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March 31, 2009


Your sense of humor is your best weapon for dealing with uncomfortable situations. Sometimes, a humorous remark will diffuse the most awkward or tense moments.

Here are some common situations you may experience and our suggestions for minimizing their effect on you:

Someone is yelling at you

If it is an unexpected crisis that is causing an otherwise rational person to vent in your direction, let the storm blow over and do not take it personally. More often than not, the person will feel bad and apologize once it is out of his system. If a client or a superior verbally abuses you repeatedly, look him straight in the eye and calmly tell the person that you will talk to him when he calms down. If he doesn't calm down, leave the room. If you set the precedent that you will accept personal and recurrent verbal abuse, it will definitely happen again.

Locker room humor

You may work in a very macho environment. This kind of work environment can be uncomfortable for anyone, regardless of gender, marital status, culture, religion or sexual orientation.

Try to draw your own personal boundaries about what you find acceptable and what you absolutely will not tolerate. Don't compromise your boundaries, you will regret it. If it's easier for you, make up excuses for your lack of participation and stick to them. "I can't drink; I'm allergic to alcohol." Whether you are male or female, think of a socially acceptable reason why you can't attend a happy hour or the strip club. "I have to meet my personal trainer," or "I'm going on a date."

Social outcast

All of your peers get together every Friday night to drink and dance at a particular club. You were never invited to go along. Now you are starting to notice that your peers are obviously closer to each other, bonded by their revelry, and you are not part of the crowd. They go to lunch together. They seem to know about each other's personal lives. You start to feel left out. How do you fix the situation?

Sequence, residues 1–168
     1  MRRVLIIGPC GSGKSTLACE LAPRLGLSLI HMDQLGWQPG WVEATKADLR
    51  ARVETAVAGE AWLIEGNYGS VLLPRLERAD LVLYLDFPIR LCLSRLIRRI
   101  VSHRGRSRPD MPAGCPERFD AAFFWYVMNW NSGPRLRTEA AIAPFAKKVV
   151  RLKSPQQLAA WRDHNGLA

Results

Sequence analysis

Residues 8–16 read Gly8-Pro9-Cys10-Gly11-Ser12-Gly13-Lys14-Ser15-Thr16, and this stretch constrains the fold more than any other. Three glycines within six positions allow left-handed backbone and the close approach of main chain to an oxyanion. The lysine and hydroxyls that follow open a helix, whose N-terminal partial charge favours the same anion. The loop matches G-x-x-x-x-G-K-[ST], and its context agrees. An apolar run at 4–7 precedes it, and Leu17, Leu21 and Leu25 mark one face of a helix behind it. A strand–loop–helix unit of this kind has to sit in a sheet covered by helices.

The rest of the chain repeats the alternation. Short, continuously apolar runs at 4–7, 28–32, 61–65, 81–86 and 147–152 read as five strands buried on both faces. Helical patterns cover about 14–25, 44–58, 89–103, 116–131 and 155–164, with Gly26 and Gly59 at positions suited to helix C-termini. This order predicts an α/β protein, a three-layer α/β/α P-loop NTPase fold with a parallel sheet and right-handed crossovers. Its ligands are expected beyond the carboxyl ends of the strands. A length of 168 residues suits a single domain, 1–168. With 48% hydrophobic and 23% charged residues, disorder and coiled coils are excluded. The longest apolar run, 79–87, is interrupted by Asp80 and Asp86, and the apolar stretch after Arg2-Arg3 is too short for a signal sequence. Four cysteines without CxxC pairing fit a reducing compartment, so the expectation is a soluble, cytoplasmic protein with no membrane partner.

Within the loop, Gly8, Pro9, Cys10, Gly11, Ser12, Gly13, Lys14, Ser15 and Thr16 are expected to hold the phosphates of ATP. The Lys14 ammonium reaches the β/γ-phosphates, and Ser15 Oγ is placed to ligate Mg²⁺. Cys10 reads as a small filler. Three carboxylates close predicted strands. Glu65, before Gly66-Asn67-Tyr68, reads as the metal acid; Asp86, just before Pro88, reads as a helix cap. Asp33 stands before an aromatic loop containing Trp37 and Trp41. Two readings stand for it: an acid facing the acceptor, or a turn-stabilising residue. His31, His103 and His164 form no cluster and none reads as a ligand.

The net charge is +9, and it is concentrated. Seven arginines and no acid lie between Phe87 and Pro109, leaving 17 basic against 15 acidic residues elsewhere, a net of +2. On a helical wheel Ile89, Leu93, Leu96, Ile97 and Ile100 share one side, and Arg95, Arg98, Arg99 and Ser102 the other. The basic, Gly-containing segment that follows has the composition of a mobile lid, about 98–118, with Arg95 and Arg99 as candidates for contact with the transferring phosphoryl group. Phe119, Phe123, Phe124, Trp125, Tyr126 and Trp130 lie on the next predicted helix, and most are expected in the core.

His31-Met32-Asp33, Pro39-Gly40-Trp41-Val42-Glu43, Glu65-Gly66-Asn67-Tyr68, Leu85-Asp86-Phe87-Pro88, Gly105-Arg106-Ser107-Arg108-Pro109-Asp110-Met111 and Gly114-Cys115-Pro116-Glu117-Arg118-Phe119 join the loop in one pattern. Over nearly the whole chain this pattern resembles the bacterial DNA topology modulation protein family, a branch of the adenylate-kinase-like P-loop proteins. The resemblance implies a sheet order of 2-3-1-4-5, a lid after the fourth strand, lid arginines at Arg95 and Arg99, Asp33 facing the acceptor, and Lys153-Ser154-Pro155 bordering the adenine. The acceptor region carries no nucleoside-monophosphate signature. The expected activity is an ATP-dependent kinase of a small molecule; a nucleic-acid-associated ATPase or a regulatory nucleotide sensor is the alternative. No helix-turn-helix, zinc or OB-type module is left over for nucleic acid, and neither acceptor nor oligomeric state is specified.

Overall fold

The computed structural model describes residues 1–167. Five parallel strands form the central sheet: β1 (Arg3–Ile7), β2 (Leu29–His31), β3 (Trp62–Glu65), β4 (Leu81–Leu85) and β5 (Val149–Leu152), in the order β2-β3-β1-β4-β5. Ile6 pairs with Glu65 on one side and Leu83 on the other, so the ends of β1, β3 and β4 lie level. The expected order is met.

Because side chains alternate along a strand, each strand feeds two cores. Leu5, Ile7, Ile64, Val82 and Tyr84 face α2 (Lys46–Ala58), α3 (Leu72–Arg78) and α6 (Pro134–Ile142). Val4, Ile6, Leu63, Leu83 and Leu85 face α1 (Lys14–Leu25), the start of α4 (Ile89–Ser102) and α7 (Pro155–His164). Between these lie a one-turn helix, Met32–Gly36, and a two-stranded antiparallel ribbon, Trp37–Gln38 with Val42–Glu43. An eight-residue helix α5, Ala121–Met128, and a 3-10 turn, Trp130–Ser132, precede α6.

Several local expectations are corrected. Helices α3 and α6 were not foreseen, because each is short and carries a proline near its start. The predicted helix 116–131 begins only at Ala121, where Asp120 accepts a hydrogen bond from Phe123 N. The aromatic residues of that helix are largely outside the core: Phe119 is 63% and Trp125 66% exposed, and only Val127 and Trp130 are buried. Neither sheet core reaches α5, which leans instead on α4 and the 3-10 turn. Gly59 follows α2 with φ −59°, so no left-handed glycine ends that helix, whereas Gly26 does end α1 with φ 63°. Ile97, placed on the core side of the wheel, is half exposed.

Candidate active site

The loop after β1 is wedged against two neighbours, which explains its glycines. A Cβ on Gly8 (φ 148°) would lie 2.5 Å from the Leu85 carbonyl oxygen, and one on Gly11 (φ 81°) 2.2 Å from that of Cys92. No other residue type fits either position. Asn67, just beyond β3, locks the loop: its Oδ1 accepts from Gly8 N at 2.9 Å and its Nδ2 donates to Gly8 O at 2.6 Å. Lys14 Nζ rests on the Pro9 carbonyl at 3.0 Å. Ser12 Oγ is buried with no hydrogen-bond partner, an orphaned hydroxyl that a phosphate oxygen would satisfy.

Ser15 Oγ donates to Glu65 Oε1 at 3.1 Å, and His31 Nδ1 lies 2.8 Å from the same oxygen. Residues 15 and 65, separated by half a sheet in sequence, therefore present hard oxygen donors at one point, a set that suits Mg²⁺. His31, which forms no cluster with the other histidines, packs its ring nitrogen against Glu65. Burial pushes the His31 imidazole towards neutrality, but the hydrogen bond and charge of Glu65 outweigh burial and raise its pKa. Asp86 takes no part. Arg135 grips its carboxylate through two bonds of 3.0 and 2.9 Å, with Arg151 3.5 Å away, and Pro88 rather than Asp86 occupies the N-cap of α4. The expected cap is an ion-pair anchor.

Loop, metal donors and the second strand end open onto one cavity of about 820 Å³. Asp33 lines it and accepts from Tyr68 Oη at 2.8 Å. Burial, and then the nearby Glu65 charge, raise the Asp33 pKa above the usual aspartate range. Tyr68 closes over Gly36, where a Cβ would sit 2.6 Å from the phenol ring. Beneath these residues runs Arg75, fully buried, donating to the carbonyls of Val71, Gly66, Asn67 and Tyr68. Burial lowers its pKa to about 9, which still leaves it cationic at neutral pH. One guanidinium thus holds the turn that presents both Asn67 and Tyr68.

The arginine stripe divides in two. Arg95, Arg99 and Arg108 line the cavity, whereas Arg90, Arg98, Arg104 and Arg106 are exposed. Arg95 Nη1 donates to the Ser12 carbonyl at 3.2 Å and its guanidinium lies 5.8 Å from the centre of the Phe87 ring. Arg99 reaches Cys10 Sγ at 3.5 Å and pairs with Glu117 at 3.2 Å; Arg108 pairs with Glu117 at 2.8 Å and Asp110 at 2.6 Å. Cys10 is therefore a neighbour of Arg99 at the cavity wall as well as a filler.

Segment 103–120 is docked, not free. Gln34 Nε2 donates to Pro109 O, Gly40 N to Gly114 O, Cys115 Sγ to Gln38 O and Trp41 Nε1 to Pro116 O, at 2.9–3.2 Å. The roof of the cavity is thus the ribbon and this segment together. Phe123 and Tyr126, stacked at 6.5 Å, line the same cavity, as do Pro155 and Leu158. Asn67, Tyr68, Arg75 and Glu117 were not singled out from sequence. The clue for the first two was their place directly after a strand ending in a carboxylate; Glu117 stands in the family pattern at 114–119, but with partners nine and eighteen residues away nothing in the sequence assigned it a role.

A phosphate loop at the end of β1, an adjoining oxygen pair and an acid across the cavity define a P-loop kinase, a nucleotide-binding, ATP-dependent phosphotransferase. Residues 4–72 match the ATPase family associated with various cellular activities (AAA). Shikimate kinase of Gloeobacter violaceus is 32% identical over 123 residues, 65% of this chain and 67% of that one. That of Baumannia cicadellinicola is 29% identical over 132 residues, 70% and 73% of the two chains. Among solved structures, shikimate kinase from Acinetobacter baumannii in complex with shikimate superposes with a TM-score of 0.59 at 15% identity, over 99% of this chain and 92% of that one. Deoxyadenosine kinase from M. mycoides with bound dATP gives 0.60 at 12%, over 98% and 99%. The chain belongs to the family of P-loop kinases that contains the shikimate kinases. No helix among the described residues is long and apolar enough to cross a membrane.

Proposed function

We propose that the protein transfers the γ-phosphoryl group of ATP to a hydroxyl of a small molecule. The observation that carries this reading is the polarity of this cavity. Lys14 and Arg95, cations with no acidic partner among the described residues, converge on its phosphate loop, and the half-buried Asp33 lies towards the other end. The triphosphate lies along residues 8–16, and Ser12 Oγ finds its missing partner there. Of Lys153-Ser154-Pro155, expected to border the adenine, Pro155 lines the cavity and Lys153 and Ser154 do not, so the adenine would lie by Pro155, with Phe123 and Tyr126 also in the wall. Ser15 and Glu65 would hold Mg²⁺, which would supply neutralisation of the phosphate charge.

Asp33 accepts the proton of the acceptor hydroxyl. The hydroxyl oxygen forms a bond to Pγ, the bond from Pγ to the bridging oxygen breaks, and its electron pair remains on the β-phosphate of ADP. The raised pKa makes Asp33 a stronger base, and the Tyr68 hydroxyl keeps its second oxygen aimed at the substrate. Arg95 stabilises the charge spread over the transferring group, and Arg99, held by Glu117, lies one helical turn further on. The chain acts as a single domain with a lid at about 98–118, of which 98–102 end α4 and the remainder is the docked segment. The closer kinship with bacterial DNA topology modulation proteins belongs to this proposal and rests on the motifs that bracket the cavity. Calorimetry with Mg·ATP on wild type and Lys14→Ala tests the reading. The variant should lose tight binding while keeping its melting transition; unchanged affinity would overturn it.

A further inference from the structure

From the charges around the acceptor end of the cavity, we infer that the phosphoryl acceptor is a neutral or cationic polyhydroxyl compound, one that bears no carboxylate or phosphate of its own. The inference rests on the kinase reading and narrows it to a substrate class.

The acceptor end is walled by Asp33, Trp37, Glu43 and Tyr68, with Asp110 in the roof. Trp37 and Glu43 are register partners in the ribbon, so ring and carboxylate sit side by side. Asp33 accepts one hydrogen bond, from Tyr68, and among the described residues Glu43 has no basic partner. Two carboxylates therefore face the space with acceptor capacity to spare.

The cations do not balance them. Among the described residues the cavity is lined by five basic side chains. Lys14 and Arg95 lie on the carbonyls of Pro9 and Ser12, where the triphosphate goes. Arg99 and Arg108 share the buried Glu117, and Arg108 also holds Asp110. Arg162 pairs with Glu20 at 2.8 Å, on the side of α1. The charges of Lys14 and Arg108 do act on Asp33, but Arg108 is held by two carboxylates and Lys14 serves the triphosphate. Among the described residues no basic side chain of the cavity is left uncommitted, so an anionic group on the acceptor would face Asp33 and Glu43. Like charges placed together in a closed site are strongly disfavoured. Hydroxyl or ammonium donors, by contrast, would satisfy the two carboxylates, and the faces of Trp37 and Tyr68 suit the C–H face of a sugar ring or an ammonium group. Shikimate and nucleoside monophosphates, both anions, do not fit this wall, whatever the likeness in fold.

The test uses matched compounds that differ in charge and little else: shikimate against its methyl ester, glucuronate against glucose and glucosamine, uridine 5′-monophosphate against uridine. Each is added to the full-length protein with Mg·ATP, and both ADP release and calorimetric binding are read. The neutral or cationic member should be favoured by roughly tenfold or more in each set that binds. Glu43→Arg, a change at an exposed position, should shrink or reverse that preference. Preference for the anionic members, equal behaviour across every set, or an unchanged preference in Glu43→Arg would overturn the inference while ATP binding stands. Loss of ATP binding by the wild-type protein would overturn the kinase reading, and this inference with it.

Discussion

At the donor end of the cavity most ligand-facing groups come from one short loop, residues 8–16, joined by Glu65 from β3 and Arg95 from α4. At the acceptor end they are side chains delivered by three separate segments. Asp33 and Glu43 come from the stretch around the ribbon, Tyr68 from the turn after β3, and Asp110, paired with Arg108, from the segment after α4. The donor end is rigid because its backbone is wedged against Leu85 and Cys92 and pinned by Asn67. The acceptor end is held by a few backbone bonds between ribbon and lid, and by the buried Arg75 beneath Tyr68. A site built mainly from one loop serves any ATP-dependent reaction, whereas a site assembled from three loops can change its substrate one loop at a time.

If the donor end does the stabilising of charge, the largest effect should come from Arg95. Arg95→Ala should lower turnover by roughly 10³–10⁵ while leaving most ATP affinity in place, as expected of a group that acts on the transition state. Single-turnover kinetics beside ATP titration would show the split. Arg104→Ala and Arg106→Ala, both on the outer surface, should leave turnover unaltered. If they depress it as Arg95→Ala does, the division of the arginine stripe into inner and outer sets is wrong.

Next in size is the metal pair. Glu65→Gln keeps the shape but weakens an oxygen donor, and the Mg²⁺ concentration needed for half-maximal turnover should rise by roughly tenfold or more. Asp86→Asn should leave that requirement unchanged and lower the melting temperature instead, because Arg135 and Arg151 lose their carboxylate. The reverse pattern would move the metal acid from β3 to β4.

• Organize an event you would enjoy and invite others to attend. Preferably pick an activity that you will be able to shine in.
  • Try to befriend one person in the "group" instead of approaching the group as a whole.
  • Just show up at the next trip. People will start including you after they see you out and about.

Culturally ignorant colleagues

At some point, your co-workers may reveal some sort of bias due to their own ignorance or lack of exposure, whether it's sexist, racist, homophobic or anti-religion. Try not to take unintentional offenses personally. And definitely do not take it upon yourself to educate co-workers on your personal politics, culture, or religion. Likewise, be sensitive and avoid potentially ignorant remarks about other cultures, politics, ethnicity, looks or education.

Schoolyard bullies

In some tough work environments, adults can regress into junior high behavior for all the same reasons as schoolyard bullies: insecurities, personal problems, the desire to impress others. Some insecure individuals may single you out for aggressive teasing or unwanted attention, disguised as good-natured ribbing. How should you deal with the bullies?

  • Make friends around the office to widen your support network.
  • Try to "kill him with kindness" and ask about his work or background with avid interest.
  • Most importantly, don't lose focus on your work. The faster you perform well, the faster you will be promoted and move on to bigger and better things.
  • For the completely mature approach, take the guy aside and tell him in a calm voice that you perceive that he has a problem with you, and you would like to know why. It's worth a shot.


Filed Under: Workplace Issues

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